“New metrics proposed as an alternative to the widely used journal impact factor and personal citation indices like the h-index. The term altmetrics was proposed in 2010, as a generalization of article level metrics, and has its roots in the twitter #altmetrics hashtag. Although altmetrics are often thought of as metrics about articles, they can be applied to people, journals, books, data sets, presentations, videos, source code repositories, web pages, etc. Altmetrics cover not just citation counts, but also other aspects of the impact of a work, such as how many data and knowledge bases refer to it, article views, downloads, or mentions in social media and news media.” (Wikipedia)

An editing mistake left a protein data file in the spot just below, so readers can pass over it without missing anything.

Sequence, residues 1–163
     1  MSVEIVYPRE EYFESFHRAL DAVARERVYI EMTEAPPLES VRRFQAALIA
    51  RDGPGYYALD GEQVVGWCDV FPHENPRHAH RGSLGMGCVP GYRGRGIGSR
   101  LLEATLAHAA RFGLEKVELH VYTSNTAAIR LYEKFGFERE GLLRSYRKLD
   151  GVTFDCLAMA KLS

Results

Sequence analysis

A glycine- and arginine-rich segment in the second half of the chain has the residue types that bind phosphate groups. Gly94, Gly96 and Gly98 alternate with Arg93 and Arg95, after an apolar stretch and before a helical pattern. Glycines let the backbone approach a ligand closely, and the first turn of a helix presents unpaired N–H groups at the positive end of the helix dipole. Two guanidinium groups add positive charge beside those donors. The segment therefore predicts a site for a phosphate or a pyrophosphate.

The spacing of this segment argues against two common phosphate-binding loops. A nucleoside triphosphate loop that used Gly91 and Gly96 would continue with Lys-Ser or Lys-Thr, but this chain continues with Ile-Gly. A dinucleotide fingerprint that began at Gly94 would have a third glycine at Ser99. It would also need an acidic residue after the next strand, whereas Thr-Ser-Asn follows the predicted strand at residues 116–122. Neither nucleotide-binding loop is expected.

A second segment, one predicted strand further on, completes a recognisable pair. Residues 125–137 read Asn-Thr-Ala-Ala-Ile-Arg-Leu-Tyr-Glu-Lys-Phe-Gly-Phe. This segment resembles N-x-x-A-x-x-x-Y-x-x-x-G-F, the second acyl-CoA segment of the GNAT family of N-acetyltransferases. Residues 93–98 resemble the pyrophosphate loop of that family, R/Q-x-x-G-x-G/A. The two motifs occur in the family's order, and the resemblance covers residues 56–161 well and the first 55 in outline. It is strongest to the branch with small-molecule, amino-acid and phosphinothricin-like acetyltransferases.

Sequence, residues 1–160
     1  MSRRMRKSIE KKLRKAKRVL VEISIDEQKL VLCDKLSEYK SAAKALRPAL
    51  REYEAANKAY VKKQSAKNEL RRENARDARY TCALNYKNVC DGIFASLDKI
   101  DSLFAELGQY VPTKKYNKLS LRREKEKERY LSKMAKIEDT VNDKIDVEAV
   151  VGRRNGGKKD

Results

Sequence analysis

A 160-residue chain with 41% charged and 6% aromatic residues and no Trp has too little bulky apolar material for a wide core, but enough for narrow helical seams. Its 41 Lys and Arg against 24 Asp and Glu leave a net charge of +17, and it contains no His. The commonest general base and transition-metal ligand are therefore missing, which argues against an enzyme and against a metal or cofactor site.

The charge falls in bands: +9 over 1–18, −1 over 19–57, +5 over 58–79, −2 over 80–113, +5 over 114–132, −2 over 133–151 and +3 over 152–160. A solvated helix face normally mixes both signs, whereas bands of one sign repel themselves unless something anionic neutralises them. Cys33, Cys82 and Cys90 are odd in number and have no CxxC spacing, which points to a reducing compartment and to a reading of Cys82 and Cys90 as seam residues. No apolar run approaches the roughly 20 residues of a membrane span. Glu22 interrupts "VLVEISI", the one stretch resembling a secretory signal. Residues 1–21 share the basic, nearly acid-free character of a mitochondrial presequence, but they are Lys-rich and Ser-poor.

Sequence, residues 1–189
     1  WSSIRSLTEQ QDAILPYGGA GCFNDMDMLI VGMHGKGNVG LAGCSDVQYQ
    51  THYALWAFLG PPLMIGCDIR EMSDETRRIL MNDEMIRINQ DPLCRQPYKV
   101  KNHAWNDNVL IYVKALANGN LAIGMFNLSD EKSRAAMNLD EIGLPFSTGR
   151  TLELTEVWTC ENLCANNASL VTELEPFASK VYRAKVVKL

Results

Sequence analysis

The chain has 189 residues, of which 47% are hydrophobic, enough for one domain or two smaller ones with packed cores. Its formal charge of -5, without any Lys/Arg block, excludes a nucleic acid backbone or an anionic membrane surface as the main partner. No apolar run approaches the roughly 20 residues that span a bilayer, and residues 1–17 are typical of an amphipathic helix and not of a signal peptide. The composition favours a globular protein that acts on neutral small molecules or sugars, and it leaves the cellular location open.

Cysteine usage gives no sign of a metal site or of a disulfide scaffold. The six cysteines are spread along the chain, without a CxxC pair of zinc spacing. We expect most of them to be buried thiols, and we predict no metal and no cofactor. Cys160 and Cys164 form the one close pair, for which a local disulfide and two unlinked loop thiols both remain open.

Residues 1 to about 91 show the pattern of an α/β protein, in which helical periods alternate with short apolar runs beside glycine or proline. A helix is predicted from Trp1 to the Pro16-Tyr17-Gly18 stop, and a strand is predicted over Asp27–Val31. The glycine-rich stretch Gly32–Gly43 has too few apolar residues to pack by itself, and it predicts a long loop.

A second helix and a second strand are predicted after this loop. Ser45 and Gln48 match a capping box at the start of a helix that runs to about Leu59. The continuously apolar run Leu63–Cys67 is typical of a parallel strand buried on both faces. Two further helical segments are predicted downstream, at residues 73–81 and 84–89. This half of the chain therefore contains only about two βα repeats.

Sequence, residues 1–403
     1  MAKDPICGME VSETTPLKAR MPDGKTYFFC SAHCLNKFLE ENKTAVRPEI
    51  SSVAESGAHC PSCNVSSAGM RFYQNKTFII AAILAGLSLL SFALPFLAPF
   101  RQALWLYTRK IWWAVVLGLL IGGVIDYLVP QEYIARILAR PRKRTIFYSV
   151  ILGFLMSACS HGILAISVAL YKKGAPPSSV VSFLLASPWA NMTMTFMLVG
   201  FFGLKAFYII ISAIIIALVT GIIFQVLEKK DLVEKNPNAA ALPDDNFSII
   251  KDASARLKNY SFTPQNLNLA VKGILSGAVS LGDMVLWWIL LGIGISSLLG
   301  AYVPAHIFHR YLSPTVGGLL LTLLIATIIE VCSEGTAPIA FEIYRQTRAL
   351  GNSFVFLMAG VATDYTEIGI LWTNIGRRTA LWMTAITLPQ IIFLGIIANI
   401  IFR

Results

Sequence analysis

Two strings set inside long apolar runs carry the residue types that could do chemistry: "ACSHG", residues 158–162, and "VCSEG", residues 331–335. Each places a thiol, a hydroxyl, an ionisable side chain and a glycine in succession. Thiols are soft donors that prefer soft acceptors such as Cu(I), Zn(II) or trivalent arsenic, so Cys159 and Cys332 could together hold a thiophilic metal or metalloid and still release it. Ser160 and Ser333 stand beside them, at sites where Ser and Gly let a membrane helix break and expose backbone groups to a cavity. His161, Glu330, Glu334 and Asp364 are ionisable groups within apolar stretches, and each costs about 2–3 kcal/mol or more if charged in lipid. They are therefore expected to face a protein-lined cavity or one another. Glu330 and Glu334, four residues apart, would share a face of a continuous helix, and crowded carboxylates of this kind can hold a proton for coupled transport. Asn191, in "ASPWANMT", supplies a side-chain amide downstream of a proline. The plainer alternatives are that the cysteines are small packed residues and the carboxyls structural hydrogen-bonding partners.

The National Information Standards Organization (NISO) explains how Alternative Metrics take many forms but often focus on efforts to move beyond proprietary bibliometrics and traditional forms of peer referencing in assessing the quality and scholarly impact of published work. Join NISO for a webinar that will present several emerging aspects of Alternative Metrics.